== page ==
Last update: October 21st, 2019 at 9:00 am
A wet summer set the stage for one of the most severe fire seasons northern Australia has experienced in recent years. In late 2010 and early 2011, a strong La Niña dominated weather patterns and brought drenching rain and floods to Australia. Thick grass grew in response to the rain, providing more fuel for fires than at any time in the past 30 years, said Australian news reports.
Fall and winter brought drier weather that dried out the grasses and primed them for fire. The top image shows the first of the fires burning in Northern Territory on April 11, 2011. The image is from the Moderate Resolution Imaging Spectroradiometer (MODIS) on NASA’s Aqua satellite and includes a combination of both visible and infrared light. The fire is marked in red and the burned land around it is dark red. The grass-covered land is bright green, while more sparsely vegetated areas are tan. Water—blue and black in this image—lingers in seasonal rivers and lakes.
By September 30, 2011 (lower image), fire has transformed the landscape. Freshly burned land is brick red and active fires are marked in red. Older burn scars, which are lighter pink, cover a vast area. Some of the unburned land along the lower edge of the image (Australia’s red desert interior) also has a slight pink tint. After a dry winter, the green around the burned areas is faded. The grass is less lush than in the summer and fall.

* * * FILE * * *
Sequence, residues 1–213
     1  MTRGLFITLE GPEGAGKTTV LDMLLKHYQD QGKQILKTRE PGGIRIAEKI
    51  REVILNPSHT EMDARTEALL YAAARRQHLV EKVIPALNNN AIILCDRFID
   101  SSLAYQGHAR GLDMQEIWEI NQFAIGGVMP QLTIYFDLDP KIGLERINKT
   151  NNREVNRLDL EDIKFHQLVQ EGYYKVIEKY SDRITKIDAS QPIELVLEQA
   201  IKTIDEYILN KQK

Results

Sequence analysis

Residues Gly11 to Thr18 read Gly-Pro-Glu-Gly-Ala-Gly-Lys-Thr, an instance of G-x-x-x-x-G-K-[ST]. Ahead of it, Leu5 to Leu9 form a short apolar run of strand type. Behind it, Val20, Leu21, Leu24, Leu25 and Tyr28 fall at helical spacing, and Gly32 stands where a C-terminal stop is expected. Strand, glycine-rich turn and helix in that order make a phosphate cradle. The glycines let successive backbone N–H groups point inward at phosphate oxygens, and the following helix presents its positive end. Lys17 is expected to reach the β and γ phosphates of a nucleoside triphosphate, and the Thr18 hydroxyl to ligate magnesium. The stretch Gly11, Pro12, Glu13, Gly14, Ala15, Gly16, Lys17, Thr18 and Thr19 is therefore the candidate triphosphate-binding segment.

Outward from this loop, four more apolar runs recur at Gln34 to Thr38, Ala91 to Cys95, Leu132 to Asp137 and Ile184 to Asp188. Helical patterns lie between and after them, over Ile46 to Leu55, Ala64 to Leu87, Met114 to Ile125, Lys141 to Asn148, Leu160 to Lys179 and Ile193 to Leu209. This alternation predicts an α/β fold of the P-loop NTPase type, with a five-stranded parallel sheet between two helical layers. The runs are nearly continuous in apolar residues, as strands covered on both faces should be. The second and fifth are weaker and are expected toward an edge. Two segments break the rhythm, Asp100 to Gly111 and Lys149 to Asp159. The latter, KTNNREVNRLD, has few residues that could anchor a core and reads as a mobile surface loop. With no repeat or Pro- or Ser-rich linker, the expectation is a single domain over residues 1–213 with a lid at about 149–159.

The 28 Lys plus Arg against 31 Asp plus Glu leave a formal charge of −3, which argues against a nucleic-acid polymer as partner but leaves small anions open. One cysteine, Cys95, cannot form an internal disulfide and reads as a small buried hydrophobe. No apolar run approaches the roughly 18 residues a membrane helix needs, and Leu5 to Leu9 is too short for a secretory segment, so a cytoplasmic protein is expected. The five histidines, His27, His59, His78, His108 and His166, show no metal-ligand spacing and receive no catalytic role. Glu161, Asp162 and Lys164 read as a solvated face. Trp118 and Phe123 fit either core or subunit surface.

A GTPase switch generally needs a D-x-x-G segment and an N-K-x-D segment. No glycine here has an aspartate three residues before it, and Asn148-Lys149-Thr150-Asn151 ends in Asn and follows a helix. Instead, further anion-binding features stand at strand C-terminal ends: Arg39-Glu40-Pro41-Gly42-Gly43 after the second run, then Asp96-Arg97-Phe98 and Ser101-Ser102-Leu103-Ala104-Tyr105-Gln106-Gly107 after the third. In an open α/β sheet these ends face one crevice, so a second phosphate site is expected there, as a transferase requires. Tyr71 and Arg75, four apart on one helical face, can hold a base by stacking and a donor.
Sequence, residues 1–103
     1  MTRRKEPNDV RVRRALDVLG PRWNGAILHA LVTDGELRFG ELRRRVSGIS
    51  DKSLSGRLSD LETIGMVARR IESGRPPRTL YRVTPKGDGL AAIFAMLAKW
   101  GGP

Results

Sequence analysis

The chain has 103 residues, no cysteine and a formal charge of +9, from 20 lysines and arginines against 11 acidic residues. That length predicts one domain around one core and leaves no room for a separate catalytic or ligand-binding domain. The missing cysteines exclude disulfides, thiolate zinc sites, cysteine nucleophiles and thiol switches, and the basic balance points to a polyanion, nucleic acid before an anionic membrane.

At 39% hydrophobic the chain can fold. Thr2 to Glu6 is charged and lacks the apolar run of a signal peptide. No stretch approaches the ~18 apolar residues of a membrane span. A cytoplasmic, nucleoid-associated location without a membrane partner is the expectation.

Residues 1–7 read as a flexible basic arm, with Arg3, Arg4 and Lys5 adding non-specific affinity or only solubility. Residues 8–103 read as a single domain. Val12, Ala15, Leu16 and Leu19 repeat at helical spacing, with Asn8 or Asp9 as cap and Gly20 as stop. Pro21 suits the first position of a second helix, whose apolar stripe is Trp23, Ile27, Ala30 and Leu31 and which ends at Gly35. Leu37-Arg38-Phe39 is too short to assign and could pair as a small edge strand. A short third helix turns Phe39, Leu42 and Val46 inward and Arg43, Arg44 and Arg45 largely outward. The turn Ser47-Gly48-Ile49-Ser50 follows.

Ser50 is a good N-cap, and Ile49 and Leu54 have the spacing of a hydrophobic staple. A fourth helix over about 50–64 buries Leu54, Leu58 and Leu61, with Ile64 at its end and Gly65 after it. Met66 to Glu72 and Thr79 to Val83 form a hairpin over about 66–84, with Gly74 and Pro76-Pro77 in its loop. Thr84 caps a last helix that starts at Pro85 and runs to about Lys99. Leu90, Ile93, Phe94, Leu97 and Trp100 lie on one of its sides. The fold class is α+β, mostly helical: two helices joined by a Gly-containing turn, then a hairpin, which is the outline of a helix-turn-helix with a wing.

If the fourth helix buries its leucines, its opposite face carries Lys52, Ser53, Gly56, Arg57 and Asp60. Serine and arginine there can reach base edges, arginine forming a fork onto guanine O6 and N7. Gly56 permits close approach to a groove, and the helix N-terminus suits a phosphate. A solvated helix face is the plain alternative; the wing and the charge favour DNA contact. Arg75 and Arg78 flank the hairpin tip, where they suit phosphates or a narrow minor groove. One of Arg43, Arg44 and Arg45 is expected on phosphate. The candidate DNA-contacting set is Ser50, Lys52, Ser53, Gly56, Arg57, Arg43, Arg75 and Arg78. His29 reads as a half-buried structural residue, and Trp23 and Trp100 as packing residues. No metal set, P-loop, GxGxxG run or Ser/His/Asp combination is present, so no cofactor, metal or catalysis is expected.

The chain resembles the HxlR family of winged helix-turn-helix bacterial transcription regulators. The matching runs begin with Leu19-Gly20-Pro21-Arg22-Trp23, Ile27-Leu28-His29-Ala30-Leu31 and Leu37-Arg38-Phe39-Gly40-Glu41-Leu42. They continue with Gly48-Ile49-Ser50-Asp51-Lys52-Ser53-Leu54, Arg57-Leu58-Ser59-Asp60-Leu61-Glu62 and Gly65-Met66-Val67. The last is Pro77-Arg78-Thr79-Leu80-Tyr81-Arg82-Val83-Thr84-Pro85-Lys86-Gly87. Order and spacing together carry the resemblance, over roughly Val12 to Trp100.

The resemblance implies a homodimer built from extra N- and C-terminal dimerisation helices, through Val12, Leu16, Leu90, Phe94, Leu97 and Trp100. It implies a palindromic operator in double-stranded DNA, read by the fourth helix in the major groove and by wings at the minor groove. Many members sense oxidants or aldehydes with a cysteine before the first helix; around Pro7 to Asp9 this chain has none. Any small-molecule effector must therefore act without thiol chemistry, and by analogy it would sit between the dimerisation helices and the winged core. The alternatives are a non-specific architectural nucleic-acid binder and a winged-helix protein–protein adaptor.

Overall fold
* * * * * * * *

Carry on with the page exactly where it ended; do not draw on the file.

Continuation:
The burned area covers much of Northern Territory and expands into Western Australia, Queensland, and South Australia, just beyond the lower edge of the image. According to the Herald Sun, the fires have burned more than 130,000 square kilometers (50,000 square miles), an area about the size of England or the U.S. state of Louisiana. ABC News reports nearly 150,000 square kilometers (58,000 square miles) burned in September. During the last extreme fire season in Australia’s interior (1974-75), 117 million hectares (1,170,000 square kilometers or 452,000 square miles) burned, said the Sydney Morning Herald.
On September 30, authorities were monitoring 21 large fires, though the satellite image shows many more. The fire season is likely to continue for several months.
Credit: NASA images courtesy the MODIS Rapid Response Team at NASA GSFC. Caption by Holli Riebeek.